by Apparel Resources
12-November-2019 | 3 mins read
The ongoing trade war with USA may have impacted China’s apparel exports but that does not seem to have much of an impact on the domestic market. China’s roughly 1.3 billion population constitutes a huge market for garments, and one that is growing every year. According to Euromonitor, China’s adult garment market was worth around RMB1,571.7 billion in 2018, an increase of 7.8 per cent year-on-year, and the market value is expected to reach RMB1,725.8 billion by 2020.
Euromonitor further underlined then that China will exceed the United States and become the world’s largest apparel market by 2019. Specifically, annual apparel sales in China will reach US $ 333,312 million in 2019, an increase of 25 per cent from US $ 267,246 million in 2014. In comparison, apparel sales in the United States is estimated to reach US $ 267,360 million in 2019, which is only 3 per cent higher than US $ 260,050 million in 2014.
This rising demand in the Chinese domestic market for apparels seems to have benefitted Bangladesh a big way! In the last decade, garment shipments to Chinese markets grew by 860 per cent to US $ 506.51 million. Back in 2010–11, export earnings were only US $ 52.81 million.
Based on year-on-year calculations, FY2018-19 saw a growth of 29.33 per cent, according to the Bangladesh Export Promotion Bureau.
The duty-free market access, incentive packages and high cost of labour in China are some of major reasons behind Bangladesh’s rising exports to China, maintain industry insiders. There are other reasons as well behind this apparel export hike.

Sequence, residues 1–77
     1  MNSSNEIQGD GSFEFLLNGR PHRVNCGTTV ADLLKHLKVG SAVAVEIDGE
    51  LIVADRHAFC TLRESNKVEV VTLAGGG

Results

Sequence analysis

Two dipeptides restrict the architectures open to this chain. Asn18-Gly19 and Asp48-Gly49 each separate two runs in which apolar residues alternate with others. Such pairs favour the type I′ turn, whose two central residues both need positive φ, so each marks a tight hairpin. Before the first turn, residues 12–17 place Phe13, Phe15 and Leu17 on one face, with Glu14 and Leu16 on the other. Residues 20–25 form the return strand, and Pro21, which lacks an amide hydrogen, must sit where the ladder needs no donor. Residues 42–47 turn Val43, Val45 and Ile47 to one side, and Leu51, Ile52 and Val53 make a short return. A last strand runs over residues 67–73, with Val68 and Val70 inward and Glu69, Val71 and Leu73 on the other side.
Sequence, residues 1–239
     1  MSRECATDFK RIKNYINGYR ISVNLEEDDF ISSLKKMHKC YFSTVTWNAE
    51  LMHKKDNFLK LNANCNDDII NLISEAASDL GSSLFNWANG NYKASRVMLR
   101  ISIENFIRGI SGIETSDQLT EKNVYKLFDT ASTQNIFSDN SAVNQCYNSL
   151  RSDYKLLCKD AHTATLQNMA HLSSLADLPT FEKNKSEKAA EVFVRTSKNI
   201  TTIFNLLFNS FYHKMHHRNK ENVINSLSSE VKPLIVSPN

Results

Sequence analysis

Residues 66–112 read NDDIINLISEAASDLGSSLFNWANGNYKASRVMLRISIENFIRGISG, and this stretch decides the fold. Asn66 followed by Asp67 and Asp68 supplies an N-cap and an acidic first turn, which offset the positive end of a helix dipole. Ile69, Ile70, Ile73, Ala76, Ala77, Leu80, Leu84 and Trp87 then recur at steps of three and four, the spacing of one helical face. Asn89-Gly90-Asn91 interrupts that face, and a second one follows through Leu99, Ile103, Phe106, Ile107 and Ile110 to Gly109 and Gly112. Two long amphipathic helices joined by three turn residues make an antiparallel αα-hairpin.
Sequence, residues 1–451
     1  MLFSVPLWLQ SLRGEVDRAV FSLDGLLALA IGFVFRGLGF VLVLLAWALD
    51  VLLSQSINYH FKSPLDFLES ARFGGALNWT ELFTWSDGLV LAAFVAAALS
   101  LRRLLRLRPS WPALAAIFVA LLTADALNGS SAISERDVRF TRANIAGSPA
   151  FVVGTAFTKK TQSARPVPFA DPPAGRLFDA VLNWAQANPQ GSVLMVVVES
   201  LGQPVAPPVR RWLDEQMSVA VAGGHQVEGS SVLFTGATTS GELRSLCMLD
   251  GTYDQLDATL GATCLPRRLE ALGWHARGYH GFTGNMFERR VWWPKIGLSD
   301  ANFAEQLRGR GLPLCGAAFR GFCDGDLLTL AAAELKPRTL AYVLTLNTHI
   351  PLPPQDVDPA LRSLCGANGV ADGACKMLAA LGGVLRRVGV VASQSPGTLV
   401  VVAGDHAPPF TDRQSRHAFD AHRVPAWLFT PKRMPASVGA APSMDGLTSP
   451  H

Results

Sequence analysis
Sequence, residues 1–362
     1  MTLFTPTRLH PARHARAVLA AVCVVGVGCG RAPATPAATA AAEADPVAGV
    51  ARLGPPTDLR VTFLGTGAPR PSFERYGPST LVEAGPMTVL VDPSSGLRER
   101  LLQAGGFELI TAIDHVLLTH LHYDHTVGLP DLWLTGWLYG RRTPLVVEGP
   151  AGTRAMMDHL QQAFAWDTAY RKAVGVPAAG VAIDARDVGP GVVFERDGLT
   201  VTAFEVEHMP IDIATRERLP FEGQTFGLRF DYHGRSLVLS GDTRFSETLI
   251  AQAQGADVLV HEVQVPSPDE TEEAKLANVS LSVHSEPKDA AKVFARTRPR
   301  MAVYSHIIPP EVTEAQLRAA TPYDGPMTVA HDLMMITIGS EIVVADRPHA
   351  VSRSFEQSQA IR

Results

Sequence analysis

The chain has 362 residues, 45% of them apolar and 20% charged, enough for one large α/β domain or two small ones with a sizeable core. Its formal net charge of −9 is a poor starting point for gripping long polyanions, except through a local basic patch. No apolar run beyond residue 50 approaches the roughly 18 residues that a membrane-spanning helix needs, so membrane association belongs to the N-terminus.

As per former president of the Bangladesh Garment Manufacturers and Exporters’ Association (BGMEA), Siddiqur Rahman, rising production costs in China have handed Bangladesh the opportunity to export cotton-based apparels.
China is reluctant to engage in the manufacture of low-end readymade garments since it is moving towards building high-tech industries, said Rahman speaking to the media, adding, besides, the Chinese Government also discourages textile manufacturing in their country because of environmental concerns.
Lead time also is a significant factor, it seems.
“Lead times are pivotal for us in this era of fast fashion. The distance between China and Bangladesh is less compared to European countries and the United States. This has led us to increase the quantity of shipments to China,” maintained BGMEA Director Md. Mohiuddin Rubel, adding, “We need to utilise the geographical closeness with China to swell our readymade garment exports.”
The stimulus package provided by the Bangladesh Government for exporting to new markets also seems to have an important role alongside that of the duty-free market access.
It may be mentioned here that since 2011, the Chinese Government has provided Bangladesh a preferential trade benefit as part of which Bangladeshi exporters enjoy duty-free access for over 5,000 products, including apparels.
This has also helped boost garment exports to China, Siddiqur felt.
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